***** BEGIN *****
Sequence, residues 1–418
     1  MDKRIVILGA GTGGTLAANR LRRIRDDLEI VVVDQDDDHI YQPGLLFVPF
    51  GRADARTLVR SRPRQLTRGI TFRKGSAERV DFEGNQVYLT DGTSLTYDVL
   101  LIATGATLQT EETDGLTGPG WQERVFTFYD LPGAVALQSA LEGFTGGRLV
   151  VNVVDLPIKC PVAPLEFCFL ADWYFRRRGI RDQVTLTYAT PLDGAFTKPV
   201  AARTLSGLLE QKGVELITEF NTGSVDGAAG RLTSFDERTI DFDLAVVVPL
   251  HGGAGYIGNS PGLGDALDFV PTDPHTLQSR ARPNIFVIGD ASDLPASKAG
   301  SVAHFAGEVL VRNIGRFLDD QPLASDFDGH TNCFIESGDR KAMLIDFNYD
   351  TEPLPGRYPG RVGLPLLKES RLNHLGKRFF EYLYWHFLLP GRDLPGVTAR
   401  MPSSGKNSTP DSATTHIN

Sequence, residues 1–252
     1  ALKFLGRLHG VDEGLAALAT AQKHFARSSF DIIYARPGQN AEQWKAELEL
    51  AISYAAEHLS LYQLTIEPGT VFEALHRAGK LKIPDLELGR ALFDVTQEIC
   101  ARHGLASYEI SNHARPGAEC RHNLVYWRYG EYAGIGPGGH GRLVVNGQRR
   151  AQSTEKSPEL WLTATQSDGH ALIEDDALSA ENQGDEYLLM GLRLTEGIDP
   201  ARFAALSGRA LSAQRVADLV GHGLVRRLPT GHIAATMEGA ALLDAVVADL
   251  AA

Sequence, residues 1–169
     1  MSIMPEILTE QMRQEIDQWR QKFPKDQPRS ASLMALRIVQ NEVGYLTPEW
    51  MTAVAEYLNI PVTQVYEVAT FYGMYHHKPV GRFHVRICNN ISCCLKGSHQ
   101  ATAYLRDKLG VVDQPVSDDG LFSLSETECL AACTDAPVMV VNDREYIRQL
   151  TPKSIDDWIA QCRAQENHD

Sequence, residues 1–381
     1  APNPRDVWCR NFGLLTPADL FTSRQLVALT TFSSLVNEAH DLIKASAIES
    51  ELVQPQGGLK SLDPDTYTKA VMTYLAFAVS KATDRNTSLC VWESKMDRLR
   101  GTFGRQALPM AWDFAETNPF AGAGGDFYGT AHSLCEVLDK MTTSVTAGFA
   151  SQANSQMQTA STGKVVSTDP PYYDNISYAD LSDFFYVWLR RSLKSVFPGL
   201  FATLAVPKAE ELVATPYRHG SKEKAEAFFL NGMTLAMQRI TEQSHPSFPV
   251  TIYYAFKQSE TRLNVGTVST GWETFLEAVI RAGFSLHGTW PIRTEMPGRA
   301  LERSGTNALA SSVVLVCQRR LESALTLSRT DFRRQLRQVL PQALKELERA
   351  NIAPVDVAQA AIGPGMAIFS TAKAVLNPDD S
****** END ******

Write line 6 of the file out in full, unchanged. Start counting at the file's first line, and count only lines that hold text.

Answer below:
   201  AARTLSGLLE QKGVELITEF NTGSVDGAAG RLTSFDERTI DFDLAVVVPL